Watch the Mars Sample Return Mission Rocket Undergoing Testing in Preparation of its Lift off from the Surface of Mars

NASA Perseverance rover has collected samples of the Mars surface and stored them in its chamber. The American Space Agency is working on its Mars Sample Return Mission to bring back these collected samples from the surface of the red planet to Earth. NASA successfully tested these two engines that will be deployed in its Mars Ascent Vehicle (MAV).

These engines were built to lift the MAV that will carry the Mars Sample Return off the surface of Mars and into the Martian orbit. NASA is building the Mars Ascent Vehicle as a two Stage system just like a rocket system on Earth. These two stages are named SRM1 and SRM2. Each of these stages will help in accomplishing different phases of the MAV’s ascent flight into the Mars orbit.

What You Should Know About Mars Ascent Vehicle that will execute the Mars Sample Return Mission

NASA is building its Mars Ascent Vehicle to lift the collected Mars samples into the Martian orbit. The two different stages, SRM1 and SRM2 are not built to have the same size and technology. SRM1 is more massive than SRM2. NASA designed the SRM1 to lift the Mars sample return mission off the Martian surface into the air. Hence, it has more sophisticated technologies than SRM2 for the success of the mission.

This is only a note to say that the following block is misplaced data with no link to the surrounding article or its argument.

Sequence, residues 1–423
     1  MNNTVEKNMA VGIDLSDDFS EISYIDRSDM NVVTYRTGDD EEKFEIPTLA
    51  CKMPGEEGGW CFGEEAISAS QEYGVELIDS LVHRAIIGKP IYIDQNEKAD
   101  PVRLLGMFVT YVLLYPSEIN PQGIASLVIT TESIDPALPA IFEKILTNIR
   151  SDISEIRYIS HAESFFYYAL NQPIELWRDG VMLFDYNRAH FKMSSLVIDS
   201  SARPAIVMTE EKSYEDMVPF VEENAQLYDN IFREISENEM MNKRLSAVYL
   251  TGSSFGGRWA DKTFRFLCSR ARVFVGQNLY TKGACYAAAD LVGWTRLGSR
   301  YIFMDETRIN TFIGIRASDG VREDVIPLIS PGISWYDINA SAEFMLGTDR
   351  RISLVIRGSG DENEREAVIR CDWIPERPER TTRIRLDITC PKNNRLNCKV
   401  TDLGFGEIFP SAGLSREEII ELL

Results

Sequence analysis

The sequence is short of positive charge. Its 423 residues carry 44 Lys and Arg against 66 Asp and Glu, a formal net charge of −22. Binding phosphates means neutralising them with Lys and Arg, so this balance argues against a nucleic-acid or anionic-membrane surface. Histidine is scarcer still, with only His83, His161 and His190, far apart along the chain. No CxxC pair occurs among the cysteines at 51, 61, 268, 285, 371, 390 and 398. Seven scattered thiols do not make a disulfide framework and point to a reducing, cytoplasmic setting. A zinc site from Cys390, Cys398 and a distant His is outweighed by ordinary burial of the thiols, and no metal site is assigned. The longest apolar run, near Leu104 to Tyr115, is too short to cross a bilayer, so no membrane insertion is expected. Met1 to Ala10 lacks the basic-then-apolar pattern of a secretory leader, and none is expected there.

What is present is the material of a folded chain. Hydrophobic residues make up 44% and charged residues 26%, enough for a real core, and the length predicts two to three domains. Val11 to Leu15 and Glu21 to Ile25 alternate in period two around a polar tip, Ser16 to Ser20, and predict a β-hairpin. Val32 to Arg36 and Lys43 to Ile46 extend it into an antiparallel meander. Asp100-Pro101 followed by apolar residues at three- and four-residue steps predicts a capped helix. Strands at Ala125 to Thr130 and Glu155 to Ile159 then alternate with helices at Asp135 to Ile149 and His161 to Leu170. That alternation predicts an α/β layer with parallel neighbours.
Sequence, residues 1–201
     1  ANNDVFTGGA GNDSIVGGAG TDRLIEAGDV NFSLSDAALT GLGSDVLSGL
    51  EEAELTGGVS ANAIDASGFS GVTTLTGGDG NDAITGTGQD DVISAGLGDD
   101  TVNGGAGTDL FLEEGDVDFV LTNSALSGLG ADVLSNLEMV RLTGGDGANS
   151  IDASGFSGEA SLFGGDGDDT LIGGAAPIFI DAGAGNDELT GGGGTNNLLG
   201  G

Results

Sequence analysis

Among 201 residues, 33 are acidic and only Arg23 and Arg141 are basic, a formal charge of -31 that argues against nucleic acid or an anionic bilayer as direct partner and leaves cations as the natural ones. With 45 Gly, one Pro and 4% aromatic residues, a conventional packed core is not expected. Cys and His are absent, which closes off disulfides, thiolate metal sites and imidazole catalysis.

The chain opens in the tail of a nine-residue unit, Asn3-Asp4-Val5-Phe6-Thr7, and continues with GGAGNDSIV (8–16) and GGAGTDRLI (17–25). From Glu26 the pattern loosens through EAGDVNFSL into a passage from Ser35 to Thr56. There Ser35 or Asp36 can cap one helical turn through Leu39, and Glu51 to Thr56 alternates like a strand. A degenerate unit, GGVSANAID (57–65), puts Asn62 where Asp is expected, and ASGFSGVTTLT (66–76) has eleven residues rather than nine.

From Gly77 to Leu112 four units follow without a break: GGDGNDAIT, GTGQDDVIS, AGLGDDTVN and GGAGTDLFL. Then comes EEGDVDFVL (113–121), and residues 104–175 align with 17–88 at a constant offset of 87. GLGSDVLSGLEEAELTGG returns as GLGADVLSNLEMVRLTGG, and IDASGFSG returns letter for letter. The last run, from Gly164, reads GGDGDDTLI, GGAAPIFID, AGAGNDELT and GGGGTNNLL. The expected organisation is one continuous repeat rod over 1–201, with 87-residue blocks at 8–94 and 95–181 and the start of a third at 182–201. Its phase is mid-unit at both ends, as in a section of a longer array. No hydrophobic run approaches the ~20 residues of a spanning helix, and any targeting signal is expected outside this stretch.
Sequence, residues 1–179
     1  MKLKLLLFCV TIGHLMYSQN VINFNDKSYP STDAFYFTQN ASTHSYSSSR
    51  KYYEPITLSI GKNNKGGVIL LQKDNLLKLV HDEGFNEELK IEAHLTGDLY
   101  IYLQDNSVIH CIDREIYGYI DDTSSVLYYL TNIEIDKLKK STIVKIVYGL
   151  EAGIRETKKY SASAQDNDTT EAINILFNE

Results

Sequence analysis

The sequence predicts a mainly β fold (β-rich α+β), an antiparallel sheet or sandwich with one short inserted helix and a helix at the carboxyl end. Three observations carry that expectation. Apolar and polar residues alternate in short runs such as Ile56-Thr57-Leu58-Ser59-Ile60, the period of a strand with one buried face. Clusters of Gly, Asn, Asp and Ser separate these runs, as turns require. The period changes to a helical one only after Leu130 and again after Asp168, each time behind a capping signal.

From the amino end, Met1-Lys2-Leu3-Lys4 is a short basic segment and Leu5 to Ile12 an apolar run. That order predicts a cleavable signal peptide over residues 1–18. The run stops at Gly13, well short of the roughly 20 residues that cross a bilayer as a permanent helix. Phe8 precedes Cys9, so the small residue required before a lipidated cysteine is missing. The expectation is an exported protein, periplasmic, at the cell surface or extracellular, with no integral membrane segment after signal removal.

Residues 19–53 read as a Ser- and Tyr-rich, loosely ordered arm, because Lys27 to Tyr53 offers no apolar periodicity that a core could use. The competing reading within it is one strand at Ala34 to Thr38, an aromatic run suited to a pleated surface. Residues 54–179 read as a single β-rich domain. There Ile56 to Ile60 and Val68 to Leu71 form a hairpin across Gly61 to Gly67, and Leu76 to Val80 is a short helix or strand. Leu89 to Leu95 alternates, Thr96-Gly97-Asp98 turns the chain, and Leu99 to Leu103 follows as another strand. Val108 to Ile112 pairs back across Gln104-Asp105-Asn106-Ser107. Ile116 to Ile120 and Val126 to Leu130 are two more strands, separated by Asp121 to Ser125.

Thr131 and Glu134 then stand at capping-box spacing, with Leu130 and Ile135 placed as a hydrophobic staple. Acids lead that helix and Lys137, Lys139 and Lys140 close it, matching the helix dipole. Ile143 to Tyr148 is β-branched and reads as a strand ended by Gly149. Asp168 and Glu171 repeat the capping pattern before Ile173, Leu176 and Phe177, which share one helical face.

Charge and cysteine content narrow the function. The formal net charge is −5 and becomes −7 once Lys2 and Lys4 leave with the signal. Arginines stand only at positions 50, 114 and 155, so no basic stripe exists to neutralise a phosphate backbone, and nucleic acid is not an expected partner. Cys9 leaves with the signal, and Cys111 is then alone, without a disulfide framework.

SRM1 also comes with a unique feature known as a supersonic splitline nozzle (SSSL). NASA performed the testing of the entire SRM1 engine and its SSSL at Edwards Air Force Base on April 7th. The fascinating video released by the agency revealed how the SRM1 experiment occurred in a vacuum chamber and other great details about the Mars sample return mission rocket test.

The video also revealed the corrective motions of the SSSL. Hence, the successful completion of the testing will inspire the engineers to commence with the next phase of the testing.

SRM2 comes with technologies to boost the MAV into the Martian orbit. Once it arrives in orbit, the Mars sample return vehicle will rendezvous with the spacecraft that will bring it back to Earth. During the test video, scientists revealed that handling the spin of the vehicle is another issue NASA hopes to provide a solution for before commencing with the return mission.

How NASA Engineers Conducted the Testing

At the start of the testing, the rocket engine rotated at 200 rotations per minute (RPM) on the test bench, which was not brought into the vacuum chamber. The performance of the engine remained steady during the test. A closer observation could tell anyone that the spinning shown in the video is quite unique in rocket engines.

NASA revealed that its SRM1 and SRM2 test chambers have to be about -20 degrees C. However, during the testing of SRM2 outside of a Northrupp Grumman test facility in Maryland in March, the weather was not extremely cold enough. Hence, the scientists conducting the testing had to cool the test chamber to get the desirable temperature.

After the testing, NASA scientists revealed that both engines passed all the requirements of their test plans. Hence, they are qualified to upgrade to the next development and testing phase. But the financing of the project depends on Congress as it remains unclear if the rocket will reach the stage of further development.


NASA is seriously working on its Mars Ascent Vehicle to return the collected Martian samples to Earth. The successful testing of the MAV rocket has shown NASA’s readiness to commence with the Mars sample return mission. What do you think about this development?

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